Welikonich, M. J., Nagle, E. F., Goss, F. L., Robertson, R. J., & Crawford, K. (2011). Effect of carbohydrate-protein supplementation on resistance exercise performance, perceived exertion, and salivary cortisol. Medicine and Science in Sports and Exercise, 43(5). Supplement abstract 2216.

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This study determined the effect of carbohydrate and protein versus carbohydrate supplementation and a placebo on resistance exercise performance, perceived exertion, and post-exercise salivary cortisol in healthy recreationally-trained males (N = 27). Ss randomly received 1) carbohydrate and protein; 2) carbohydrate; or 3) a placebo supplement 15 minutes prior to, between every other set, and immediately following resistance exercise. The carbohydrate and protein and carbohydrate supplements were of equal fluid volume and isocaloric. The resistance exercise session consisted of a seated leg-press exercise beginning with 1 set of 10 repetitions at 40, 50, and 60% of 1 RM, continuing with multiple sets of 8 to 10 repetitions at 70% of 1 RM until fatigue. Ratings of perceived exertion for the active muscle group and overall body were measured immediately following each set and Session-RPE was measured 30 minutes following the exercise session. Salivary cortisol samples were collected 15 minutes before and 30 minutes following the resistance exercises.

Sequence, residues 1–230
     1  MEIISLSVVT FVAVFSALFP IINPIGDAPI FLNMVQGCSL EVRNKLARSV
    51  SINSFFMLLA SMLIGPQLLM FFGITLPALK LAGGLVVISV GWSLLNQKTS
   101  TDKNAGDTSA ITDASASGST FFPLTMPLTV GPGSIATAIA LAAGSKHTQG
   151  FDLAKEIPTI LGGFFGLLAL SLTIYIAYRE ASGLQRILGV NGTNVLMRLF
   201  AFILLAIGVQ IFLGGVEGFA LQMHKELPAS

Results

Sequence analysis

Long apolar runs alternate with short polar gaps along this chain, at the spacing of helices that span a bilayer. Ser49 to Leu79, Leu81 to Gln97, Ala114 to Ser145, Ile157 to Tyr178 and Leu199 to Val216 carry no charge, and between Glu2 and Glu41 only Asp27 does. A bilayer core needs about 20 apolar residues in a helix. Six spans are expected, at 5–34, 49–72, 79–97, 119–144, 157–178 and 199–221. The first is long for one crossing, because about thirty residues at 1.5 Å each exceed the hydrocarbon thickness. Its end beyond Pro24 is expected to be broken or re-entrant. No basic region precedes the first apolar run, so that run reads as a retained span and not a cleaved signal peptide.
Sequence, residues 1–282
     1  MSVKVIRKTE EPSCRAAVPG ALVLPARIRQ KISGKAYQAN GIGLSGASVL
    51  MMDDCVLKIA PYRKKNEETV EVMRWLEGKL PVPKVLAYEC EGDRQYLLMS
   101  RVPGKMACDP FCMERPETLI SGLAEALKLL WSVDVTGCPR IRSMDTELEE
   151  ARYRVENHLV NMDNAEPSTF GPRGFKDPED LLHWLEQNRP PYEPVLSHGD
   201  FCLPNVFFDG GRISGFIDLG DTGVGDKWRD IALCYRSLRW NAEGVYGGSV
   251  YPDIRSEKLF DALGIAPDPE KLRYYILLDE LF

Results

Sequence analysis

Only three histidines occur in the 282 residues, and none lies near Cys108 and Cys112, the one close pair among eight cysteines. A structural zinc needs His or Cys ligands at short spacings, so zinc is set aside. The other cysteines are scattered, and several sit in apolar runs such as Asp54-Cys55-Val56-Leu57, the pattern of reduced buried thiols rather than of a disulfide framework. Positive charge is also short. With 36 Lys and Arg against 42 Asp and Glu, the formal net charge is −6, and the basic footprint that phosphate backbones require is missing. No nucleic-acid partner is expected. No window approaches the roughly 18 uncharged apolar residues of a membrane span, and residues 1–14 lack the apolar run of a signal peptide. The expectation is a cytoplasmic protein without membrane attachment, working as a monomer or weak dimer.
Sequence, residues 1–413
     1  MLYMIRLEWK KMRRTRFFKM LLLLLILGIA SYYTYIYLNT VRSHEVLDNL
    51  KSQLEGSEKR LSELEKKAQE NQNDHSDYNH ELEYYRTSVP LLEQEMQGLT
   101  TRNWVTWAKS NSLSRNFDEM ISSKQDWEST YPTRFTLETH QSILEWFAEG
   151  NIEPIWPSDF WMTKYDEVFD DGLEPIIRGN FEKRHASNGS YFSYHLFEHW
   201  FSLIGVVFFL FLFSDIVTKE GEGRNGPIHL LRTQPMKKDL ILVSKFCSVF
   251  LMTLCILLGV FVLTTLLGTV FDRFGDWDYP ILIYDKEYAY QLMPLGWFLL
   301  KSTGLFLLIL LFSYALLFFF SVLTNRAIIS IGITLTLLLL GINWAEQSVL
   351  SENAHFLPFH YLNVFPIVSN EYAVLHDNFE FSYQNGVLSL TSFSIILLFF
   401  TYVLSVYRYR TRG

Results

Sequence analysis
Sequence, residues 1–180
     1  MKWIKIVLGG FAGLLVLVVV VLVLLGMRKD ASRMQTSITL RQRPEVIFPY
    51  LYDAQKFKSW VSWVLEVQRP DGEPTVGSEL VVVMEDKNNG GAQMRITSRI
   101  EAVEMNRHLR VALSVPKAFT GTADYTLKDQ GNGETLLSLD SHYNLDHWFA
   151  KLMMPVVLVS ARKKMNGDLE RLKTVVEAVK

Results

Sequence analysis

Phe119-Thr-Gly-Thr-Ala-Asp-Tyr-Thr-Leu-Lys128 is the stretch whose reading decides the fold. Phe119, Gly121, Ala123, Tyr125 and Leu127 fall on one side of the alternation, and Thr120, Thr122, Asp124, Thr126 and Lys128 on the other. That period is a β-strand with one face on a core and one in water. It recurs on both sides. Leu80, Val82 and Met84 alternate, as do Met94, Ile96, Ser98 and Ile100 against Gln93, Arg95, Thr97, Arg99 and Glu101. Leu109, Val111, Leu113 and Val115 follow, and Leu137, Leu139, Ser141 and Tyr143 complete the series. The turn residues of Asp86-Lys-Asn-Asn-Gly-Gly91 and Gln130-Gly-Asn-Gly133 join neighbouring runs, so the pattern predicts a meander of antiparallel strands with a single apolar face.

Carbohydrate and protein and carbohydrate supplementation resulted in a significantly greater total number of repetitions performed to fatigue than a placebo. Carbohydrate supplementation resulted in reduced post-exercise salivary cortisol and ratings of perceived exertion of the active muscles at 25% and 50% of total volume of work performed compared to carbohydrate and protein supplementation or a placebo.

Implication. Carbohydrate and protein and carbohydrate supplementations before and during resistance exercise can have an immediate beneficial performance effect.

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